Was Dylan writing about us?

Bob Dylan’s early hit Boots of Spanish Leather was recorded 60 years ago today, and it’s only recently that I wondered how he came upon the immortal phrase, ‘boots of Spanish leather’. Because he’s obviously talking about us isn’t he?

‘Boots of Spanish leather’ was released in 1964 on the album The times they are a-changin’.

It’s a bitter-sweet love song between two parting lovers. She is saying good bye as gently as possible before she sails to Spain and offers him a keepsake. He just wants her to come home safely, but when the penny drops and he realises that she’s not coming back, and having rejected ‘something fine, made of silver or of golden’, he asks for ‘Spanish Boots of Spanish leather’.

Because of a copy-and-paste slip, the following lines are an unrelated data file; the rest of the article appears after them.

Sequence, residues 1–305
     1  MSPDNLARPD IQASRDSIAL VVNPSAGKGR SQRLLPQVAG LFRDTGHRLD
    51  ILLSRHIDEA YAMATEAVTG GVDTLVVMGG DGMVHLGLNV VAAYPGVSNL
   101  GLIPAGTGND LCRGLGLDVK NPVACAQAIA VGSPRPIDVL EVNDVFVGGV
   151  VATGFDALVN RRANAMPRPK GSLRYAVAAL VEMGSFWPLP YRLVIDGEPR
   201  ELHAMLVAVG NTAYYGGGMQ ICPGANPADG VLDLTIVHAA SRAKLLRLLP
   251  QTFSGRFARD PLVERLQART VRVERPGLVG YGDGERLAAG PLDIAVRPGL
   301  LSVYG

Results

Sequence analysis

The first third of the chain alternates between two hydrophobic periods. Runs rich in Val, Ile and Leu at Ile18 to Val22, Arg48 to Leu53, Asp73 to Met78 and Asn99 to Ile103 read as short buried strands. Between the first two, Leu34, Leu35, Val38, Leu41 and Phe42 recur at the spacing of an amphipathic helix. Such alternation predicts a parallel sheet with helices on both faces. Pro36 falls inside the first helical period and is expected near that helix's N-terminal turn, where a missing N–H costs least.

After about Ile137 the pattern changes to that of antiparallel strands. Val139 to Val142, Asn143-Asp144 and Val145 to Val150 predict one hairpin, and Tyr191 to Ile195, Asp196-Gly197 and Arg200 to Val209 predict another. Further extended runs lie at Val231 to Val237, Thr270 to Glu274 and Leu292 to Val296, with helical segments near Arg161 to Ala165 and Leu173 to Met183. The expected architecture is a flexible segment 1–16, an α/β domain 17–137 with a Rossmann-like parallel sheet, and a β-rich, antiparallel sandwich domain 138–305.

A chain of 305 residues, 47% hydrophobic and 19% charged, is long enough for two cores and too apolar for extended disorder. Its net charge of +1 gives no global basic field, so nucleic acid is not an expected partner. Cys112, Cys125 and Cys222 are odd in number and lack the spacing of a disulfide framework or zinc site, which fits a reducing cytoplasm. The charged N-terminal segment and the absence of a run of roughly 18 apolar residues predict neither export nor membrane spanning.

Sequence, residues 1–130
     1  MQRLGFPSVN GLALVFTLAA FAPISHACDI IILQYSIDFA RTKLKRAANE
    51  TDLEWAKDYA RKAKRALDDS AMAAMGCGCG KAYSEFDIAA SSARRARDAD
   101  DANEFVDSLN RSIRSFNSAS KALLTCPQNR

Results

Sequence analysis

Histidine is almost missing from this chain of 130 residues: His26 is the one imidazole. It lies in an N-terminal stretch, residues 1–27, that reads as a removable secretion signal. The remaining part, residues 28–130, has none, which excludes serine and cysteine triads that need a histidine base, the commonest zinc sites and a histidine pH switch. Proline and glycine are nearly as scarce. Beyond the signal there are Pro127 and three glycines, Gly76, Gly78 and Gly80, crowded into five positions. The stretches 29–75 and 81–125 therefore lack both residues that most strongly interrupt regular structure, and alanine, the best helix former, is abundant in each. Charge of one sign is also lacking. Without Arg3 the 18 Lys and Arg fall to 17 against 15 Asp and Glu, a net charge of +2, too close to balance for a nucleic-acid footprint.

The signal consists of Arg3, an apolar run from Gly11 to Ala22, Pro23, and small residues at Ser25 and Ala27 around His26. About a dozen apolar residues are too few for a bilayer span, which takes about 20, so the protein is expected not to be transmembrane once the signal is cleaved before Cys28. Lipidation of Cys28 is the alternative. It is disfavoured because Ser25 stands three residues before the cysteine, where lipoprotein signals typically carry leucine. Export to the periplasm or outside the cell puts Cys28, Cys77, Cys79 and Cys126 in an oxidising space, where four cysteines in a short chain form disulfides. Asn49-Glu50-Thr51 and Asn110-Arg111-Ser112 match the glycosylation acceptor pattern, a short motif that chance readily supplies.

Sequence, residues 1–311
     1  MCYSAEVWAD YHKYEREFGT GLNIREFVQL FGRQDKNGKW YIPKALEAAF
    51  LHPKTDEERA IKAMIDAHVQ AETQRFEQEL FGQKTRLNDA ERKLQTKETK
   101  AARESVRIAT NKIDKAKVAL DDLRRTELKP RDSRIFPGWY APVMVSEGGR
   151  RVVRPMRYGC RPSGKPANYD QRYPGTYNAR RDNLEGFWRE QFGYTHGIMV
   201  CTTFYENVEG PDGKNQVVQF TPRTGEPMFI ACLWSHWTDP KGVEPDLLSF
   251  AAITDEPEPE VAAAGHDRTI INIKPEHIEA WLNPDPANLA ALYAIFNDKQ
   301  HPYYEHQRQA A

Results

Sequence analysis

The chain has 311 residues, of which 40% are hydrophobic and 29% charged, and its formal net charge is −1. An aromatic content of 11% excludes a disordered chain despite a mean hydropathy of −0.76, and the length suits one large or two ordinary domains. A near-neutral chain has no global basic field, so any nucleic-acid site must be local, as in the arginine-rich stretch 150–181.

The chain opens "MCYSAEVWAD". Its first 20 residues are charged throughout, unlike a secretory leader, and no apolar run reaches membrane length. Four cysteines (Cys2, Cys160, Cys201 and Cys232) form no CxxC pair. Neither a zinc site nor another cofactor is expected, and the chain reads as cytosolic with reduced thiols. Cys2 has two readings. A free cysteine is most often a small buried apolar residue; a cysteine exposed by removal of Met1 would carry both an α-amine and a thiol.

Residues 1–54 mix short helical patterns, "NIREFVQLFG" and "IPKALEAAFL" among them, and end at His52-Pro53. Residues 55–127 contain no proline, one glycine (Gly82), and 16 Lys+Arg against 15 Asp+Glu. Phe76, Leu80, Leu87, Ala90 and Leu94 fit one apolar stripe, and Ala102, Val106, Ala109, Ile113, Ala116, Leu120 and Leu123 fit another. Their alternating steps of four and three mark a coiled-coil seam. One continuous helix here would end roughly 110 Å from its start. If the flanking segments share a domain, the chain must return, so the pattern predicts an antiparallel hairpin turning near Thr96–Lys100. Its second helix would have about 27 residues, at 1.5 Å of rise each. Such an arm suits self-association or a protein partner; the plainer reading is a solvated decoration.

Why? Well presumably they offer the ability for him to get up and walk away from the relationship. Boots are protective footwear and although his heart is bruised, he’s clearly a practical man who realises that life must go on.

This phrase should resonate with Cordwainers, though. Boots of Spanish leather mean one thing – Cordoba, home of the finest quality Spanish leather, which was used by London’s Cordwainers for generations.

Mr Dylan, on this significant anniversary, the Cordwainers salute you!